Hello, l’oiseau blog readers. My name is Grace and I’m delighted to be guest posting today.
I had been itching to sew with a knit fabric for months. I had tried to shake off this thought. Why? Because KNITS ARE SCARY! Over the years I had heard that it’s a tricky fabric to work with, difficult to cut and slippery to sew, etc. I had all these reasons to avoid knits. Yet I had this urge to sew with knit fabrics.
Then I happened upon a knit jersey print that made me smile. There were little ninjas in different positions scattered against a bight blue background. I loved this design because it reminded me of my son and how he came into our family.
Several years ago I experienced some health issues. I was referred to a doctor who happened to be a fertility specialist. My husband and I didn’t have children. Our attitude had always been “whatever happens, happens.” So when I learned that this doctor was a fertility specialist I thought to myself “well, I’m 39. I should find out if I could even have children.” Not too long after, my husband and I sat in front of this doctor who told us that the chances of me getting pregnant was next to none. He had also said that he would not recommend IVF because I basically had no eggs. “Well then,” I thought to myself, “I guess we either continue on as DINKS (dual income, no kids) or we adopt.” And life went on, as a couple of DINKS.
Fast-forward several months. One day a co-worker urged me to take a pregnancy test. I insisted that I wasn’t pregnant because a doctor told me that I had “no eggs.” But she strongly encouraged me to take one based on observations she had made of me over some time. So I did a pregnancy test that night. My husband and I were shocked to find that the test was positive. Word spread quickly around the office. Upon hearing the news, one co-worker nicknamed the baby “Ninja Baby” because he came out of nowhere. That nickname stuck. Long story short, a mere five weeks after finding out I was pregnant, I gave birth to a healthy baby boy. Yes, he was full-term. No, I didn’t realize I was pregnant. Yes, I suppose I could have been on that show.
When the fabric arrived I was excited and freaked out at the same time. I wanted to sew a t-shirt for my son as I felt that this would make a good first knit project. I found a pattern from Brindille & Twig and started to cut the pattern pieces, even though I was convinced that somehow I was going to mess up. Once I realized that there were only 5 pieces to sew together, I started to relax about the whole process.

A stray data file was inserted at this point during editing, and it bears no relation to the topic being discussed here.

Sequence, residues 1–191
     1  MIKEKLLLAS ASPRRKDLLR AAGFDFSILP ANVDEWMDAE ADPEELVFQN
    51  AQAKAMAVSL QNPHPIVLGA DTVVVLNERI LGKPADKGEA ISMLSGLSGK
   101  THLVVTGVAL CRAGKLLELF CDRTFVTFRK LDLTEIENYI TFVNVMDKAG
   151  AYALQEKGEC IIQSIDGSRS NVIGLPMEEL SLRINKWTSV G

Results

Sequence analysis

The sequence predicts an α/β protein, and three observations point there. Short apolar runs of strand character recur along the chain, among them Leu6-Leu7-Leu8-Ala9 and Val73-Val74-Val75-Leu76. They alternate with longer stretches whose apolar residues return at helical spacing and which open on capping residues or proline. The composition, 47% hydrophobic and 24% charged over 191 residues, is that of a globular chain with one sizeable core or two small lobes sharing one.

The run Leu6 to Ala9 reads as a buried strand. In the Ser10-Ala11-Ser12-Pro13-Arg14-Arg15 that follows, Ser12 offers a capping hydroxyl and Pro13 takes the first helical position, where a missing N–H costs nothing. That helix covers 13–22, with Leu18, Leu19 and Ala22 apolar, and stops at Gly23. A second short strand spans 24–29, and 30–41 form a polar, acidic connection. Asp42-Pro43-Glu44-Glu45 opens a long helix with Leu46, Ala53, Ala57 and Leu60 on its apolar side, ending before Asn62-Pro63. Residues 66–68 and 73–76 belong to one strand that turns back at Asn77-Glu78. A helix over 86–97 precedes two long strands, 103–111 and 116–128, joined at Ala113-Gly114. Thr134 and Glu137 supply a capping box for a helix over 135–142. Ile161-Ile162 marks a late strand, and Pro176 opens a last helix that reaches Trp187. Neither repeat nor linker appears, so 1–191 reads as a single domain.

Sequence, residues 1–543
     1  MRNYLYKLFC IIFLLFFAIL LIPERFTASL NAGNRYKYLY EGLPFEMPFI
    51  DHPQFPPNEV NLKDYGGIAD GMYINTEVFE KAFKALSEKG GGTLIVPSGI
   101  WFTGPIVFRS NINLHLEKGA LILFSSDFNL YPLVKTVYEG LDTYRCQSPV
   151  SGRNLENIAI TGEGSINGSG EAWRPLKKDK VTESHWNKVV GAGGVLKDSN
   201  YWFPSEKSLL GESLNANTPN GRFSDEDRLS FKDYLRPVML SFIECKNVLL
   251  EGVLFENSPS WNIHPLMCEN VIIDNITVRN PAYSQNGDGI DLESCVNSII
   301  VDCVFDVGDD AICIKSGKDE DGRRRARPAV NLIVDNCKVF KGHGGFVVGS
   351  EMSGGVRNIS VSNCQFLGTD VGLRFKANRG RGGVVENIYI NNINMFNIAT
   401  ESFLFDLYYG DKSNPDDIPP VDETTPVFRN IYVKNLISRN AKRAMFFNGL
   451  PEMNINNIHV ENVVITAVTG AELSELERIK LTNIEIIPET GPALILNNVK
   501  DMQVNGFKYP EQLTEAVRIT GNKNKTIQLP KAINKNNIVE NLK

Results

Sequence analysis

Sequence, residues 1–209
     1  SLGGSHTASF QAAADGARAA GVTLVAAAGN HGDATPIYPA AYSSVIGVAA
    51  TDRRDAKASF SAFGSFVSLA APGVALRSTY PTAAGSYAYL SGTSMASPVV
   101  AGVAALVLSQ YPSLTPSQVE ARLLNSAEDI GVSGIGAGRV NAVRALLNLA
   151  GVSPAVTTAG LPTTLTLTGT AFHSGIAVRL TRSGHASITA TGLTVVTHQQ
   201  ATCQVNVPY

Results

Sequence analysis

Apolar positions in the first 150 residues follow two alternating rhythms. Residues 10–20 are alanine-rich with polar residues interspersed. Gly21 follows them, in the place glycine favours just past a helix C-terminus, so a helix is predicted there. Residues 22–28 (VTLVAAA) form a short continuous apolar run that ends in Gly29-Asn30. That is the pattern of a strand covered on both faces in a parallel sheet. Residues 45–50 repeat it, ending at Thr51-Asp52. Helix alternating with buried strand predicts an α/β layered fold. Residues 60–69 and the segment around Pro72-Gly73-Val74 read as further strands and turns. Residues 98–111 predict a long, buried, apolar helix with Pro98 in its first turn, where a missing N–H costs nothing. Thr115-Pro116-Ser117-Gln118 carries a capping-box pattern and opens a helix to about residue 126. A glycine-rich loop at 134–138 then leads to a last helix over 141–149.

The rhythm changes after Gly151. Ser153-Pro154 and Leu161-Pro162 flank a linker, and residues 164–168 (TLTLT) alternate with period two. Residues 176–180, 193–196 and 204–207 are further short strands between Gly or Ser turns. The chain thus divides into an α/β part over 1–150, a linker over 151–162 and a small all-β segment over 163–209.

I knew I was one step closer to success because I owned a serger, and it certainly made the task easy. The directions for the pattern were simple to follow. Sew the shoulders. Check. Sew the sleeves in. Check. Hem the sleeves. Check. Sew the side seams. Check…er….oops! I wasn’t careful feeding the fabric through the serger. About 3.5” of the seam’s edge was folded over when it went through. I stared at my mistake for about ten minutes, trying to decide if it was worth taking out the stitches. When I turned the shirt right side out, I couldn’t even tell that there was a mistake. The right side seam of the shirt, where the mistake was made, looked even with the left side. I decided to leave it and continue working on the rest of the shirt. I hemmed the bottom without any issues. Then came the shirt’s neck. I matched up the center front and center back of the shirt to the neckband. Then pinned it along the shirt’s neck opening, ensuring that the fabric was stretched evenly and just so. I was in the home stretch of this project! I fed the fabric through my serger, and trimmed the tail of the serger threads. When I lifted the shirt to look my work, I realized that the neck was detached! Argh…I had forgotten put the serger’s foot down, so it didn’t sew all the layers together.
Quickly, I cut out another neckband and pinned it to the shirt. This time when I put it through the serger I made sure that the foot was lowered. I decided to add the extra step of top-stitching along the neckband. And oops again! The stitching wasn’t even with the neckband’s edge. But it’s barely noticeable. I told myself “the kid won’t even notice it.” I decided to make peace with the crooked top-stitching just as I did with the earlier mistake of the side seam. As far as I was concerned, this was a perfectly imperfect t-shirt.
Well, I did it! I sewed a t-shirt together with knit fabric, and survived. And through the process I learned a lot, the most important lesson was discovering that knits are actually a forgiving fabric and quite easy to sew. Knits aren’t scary anymore. In fact, I can’t wait to sew the next knit project. Perhaps this time for my newborn daughter.